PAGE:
This excerpt is the Introduction to my third edition of Israeli and Palestinian voices: A Dialogue with both Sides.
Since my first visit to Israel-Palestine in March 2002, I have returned four times, including a visit to Gaza in November 2012. In those twelve years the more things have changed the more they have stayed the same. Realistic solutions were proposed. Regional players were offered concessions. A neutral party with international respect could have led the negotiations and brokered an agreement. Instead, the US acted as Israel’s lawyer demanding impossible concessions from one party and not the other.
Since Ariel Sharon unilaterally withdrew the 7,000 Israeli settlers from Gaza in 2005, Israel has turned the Gaza Strip into an open-air prison for daring to vote in Hamas over a corrupt-riddled Farah in elections forced upon the Palestinian Authority in January 2006 by the United States. The Palestinian Authority was charged by Israel with crushing Palestinian resistance in order to make the occupied territories safe for continued Israeli occupation. Hamas’s success, therefore, was as much an expression of the determination of Palestinians to resist Israel’s efforts to force their surrender as it was a rejection of Fatah’s willingness to act as Israel’s agent. Hamas’ victory reduced the conflict to its most fundamental elements: there is occupation, and there is resistance. After its win, Hamas signaled that it wanted to continue its unilateral truce with Israel. Hamas clearly believed it could make such an offer from a position of strength and it was to its tactical advantage to leave uncertain when and how it might resume full-scale armed resistance. Israel and the US refused to accept the election.
After three major Israeli assaults against Gaza, the latest in July-august 2014, there is yet another war waiting to happen in Gaza. The last one changed nothing, nor did the two before. Hamas rockets are still being test-fired. The draft Security Council resolution at the UN, championed by Palestinian leader, Mahmoud Abbas, seeking a withdrawal of Israeli forces from the West Bank by 2017, amounts to nothing but an elaborate sideshow. The real matter of diplomatic urgency going into 2015, for the Palestinian people and the world, is the end of the lock-down in Gaza.
The supposed reconciliation between Abbas’s Fatah and Hamas has proven worthless. None of the causes of the conflict have been addressed. As Roger Cohen wrote in his December 2014 New York Time article Gaza is Nowhere: “Nobody wants to talk about Gaza because it reeks of failure—the failure of opportunities offered after the Israeli withdrawal in 2005; the failure of a 2006 election that ushered Hamas into power; the failure to achieve Palestinian unity, a prerequisite for successful peace talks; the failure to prevent repetitive wars; the failures that led to the sealing of the Rafah-Egyptian border and the utter failure to offer the most basic minimum of decency to the 1.8 million Palestinians trapped in Gaza.”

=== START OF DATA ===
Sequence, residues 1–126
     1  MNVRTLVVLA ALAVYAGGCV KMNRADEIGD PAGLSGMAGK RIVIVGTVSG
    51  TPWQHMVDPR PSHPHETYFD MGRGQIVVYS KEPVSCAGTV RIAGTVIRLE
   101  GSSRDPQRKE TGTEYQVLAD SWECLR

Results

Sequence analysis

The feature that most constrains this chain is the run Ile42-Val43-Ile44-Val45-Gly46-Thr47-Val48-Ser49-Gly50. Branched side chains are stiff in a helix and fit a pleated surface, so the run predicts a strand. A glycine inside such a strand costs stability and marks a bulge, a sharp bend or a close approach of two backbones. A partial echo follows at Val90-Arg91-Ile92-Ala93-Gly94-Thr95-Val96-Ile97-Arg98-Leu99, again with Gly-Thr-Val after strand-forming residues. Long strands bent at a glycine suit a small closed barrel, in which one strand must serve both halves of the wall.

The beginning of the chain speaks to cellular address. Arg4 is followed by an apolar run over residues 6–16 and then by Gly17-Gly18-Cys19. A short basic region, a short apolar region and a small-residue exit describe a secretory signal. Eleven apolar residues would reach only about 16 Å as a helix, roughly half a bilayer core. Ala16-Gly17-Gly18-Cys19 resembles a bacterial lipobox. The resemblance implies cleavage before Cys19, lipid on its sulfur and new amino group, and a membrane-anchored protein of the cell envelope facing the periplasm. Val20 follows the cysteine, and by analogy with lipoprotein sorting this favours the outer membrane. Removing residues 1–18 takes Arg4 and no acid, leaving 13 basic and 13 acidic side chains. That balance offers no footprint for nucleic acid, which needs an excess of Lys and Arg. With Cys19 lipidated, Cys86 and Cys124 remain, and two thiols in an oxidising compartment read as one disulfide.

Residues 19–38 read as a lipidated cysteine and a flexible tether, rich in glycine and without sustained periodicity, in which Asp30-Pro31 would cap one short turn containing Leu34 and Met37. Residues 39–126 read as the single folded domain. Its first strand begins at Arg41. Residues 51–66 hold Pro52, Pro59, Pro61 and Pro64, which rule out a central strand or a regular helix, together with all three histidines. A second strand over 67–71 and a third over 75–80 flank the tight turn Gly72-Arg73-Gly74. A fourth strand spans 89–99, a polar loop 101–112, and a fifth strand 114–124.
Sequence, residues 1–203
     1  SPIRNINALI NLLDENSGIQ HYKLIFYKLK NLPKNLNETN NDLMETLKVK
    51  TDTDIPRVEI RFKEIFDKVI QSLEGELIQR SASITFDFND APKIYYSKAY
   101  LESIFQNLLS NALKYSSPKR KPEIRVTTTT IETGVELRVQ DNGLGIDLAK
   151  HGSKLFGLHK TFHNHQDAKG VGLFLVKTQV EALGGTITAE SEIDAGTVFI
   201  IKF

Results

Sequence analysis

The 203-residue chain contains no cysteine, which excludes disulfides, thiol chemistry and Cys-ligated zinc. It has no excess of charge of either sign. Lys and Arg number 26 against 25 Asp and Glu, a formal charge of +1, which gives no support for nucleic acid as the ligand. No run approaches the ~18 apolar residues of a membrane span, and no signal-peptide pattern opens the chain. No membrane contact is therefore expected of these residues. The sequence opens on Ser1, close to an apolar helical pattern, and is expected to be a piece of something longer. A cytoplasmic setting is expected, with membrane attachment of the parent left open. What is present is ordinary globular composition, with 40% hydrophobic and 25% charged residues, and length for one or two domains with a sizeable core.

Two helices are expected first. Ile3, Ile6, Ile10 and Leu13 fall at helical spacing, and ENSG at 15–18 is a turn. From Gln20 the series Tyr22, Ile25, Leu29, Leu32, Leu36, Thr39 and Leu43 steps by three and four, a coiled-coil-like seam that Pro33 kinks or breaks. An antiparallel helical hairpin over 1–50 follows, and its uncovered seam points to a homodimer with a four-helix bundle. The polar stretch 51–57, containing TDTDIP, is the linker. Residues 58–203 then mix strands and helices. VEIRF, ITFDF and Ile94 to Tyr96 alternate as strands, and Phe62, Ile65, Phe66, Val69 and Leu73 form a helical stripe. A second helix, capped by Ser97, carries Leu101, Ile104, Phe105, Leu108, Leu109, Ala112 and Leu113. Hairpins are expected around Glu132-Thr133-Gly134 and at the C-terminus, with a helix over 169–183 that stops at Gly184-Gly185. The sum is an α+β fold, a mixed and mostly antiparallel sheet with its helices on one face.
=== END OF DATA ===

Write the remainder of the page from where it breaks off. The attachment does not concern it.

For all these misgivings, Ali Abunimah opines in his book The Battle for Justice in Palestine that the Palestinians are winning even though, in some ways, things have never looked worse. For all the undeniable truths about the current facts on the ground, it is not the Palestinians, as people seeking self-determination and liberation, who face constant doubt and anxiety about the legitimacy and longevity of their political project.
It is no secret that Israel, today, is mounting unprecedented resources to combat a global boycott, divestment and sanctions (BDS) campaign. In just a few short years since this project was launched academic associations, trade unions, churches and pension funds are adopting policies to isolate Israeli institutions and foreign companies that are complicit in crimes against the Palestinian people. Judith Butler, the prominent American Jewish philosopher wrote: “Within the last two years I have seen how individuals and groups have emerged from their state of mute fear and anxiety into a tentative desire to talk. Rather than shutting down the dialogue, this campaign is generating more discussion, more action, new support, even among American and Israeli Jews.”
While there is no guarantee as to what will happen in the future, the legitimacy of Palestinian rights remains a priority in the developing phases of the Palestinians’ quest for empowerment, as long as it rests on nonviolent forms of mobilization, international law and their demands for basic human rights.
I am a firm believer in “people power.” We have the capacity to serve as the principal agents of change. This attitude goes against the grain of so-called “political realism” which is based on battlefield results. Richard Falk, who acted as Special Rapporteur in Occupied Palestine from March 2008 through March 2014, recently wrote that he was at a private dinner attended by dozens of diplomats. The French Ambassador said: “Forget about the Palestinian struggle. Israel has won. The Palestinians have been defeated. I may not like the result, but to think otherwise is to dream idly.” His comments echo the cynical view of history that ignores the power and the role of ordinary people and ignores the successful outcomes of the political struggles of the last seventy-five years.
The Palestinian struggle is all inclusive; it is nonviolent. It affirms rights under international law for both Israelis and Palestinians on the basis of equality, justice and respect for each other. The target in this struggle is not the State of Israel but the policies of occupation and repression.
this book is available for purchase here.